Past and present pressures on forest resources have led to a drastic decrease in the surface
area of unmanaged forests in Europe. Changes in forest structure, composition, and dynamics inevitably
lead to changes in the biodiversity of forest-dwelling species. The possible biodiversity gains and losses due to
forest management (i.e., anthropogenic pressures related to direct forest resource use), however, have never
been assessed at a pan-European scale. We used meta-analysis to review 49 published papers containing 120
individual comparisons of species richness between unmanaged and managed forests throughout Europe. We
explored the response of different taxonomic groups and the variability of their response with respect to time
since abandonment and intensity of forest management. Species richness was slightly higher in unmanaged
than in managed forests. Species dependent on forest cover continuity, deadwood, and large trees (bryophytes,lichens, fungi, saproxylic beetles) and carabids were negatively affected by forest management. In contrast, vascular plant species were favored. The response for birds was heterogeneous and probably depended more on factors such as landscape patterns. The global difference in species richness between unmanaged and managed forests increased with time since abandonment and indicated a gradual recovery of biodiversity.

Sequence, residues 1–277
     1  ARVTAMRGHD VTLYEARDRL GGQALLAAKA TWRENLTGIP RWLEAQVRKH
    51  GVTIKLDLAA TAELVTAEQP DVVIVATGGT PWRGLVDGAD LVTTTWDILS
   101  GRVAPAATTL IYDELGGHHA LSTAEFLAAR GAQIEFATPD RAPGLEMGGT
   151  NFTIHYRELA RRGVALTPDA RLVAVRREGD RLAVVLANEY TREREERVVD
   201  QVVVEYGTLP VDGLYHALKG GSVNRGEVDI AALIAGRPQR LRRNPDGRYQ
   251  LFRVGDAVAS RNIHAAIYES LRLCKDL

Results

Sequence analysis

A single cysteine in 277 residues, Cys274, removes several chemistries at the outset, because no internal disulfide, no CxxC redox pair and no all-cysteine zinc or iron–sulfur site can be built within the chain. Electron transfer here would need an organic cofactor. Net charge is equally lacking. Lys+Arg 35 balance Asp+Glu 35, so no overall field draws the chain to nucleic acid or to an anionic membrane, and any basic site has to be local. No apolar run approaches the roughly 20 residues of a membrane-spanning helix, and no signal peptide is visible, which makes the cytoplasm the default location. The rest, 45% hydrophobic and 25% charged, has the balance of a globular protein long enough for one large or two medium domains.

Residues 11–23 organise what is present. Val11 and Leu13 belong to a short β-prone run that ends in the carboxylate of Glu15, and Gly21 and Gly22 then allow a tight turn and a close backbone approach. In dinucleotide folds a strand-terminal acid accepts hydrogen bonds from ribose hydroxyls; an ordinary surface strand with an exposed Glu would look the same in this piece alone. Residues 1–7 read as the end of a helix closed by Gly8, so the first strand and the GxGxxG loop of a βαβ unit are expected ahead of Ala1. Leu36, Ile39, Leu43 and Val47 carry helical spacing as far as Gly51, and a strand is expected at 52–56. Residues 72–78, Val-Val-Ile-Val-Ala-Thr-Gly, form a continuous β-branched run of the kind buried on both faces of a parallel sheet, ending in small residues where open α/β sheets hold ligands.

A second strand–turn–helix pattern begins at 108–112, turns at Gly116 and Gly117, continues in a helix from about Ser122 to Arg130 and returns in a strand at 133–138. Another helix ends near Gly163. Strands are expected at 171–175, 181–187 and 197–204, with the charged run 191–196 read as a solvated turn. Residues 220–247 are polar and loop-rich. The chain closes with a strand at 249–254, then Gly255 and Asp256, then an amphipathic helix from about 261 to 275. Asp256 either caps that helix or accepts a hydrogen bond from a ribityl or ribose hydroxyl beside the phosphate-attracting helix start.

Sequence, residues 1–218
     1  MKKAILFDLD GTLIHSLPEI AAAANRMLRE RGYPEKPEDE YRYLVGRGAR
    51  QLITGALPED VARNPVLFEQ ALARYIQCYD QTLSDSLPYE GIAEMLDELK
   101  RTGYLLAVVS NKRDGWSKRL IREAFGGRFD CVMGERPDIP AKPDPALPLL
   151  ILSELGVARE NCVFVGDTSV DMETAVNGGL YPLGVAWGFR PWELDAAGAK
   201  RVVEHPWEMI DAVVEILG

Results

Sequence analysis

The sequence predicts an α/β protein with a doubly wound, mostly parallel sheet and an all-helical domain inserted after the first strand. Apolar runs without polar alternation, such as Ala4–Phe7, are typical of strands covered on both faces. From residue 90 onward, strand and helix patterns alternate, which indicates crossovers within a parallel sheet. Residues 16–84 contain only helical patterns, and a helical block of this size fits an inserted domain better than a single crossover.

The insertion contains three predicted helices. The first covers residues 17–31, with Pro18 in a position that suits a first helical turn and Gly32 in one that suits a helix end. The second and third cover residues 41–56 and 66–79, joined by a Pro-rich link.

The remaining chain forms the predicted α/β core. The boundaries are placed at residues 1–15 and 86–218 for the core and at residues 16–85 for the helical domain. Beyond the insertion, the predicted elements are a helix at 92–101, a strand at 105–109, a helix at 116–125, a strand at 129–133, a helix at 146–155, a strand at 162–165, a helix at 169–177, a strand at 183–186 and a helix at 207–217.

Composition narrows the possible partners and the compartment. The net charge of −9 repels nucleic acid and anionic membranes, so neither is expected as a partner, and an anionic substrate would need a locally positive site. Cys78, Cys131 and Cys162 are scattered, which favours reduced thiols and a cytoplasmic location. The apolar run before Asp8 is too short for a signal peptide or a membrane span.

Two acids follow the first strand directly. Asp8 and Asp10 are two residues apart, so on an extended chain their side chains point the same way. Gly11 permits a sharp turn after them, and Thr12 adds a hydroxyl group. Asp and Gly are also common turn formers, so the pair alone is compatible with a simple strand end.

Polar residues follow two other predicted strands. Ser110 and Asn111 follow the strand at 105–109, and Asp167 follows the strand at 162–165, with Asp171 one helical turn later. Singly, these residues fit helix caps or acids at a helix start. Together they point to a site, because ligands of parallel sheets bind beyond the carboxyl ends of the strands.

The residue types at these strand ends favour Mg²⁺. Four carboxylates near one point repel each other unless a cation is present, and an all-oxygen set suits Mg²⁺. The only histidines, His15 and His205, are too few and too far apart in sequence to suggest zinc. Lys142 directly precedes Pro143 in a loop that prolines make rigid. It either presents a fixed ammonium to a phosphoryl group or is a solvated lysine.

Clearcut forests in which the composition of tree species changed had the strongest effect on species richness,
but the effects of different types of management on taxa could not be assessed in a robust way because
of low numbers of replications in the management-intensity classes. Our results show that some taxa are
more affected by forestry than others, but there is a need for research into poorly studied species groups in
Europe and in particular locations. Our meta-analysis supports the need for a coordinated European research
network to study and monitor the biodiversity of different taxa in managed and unmanaged forests.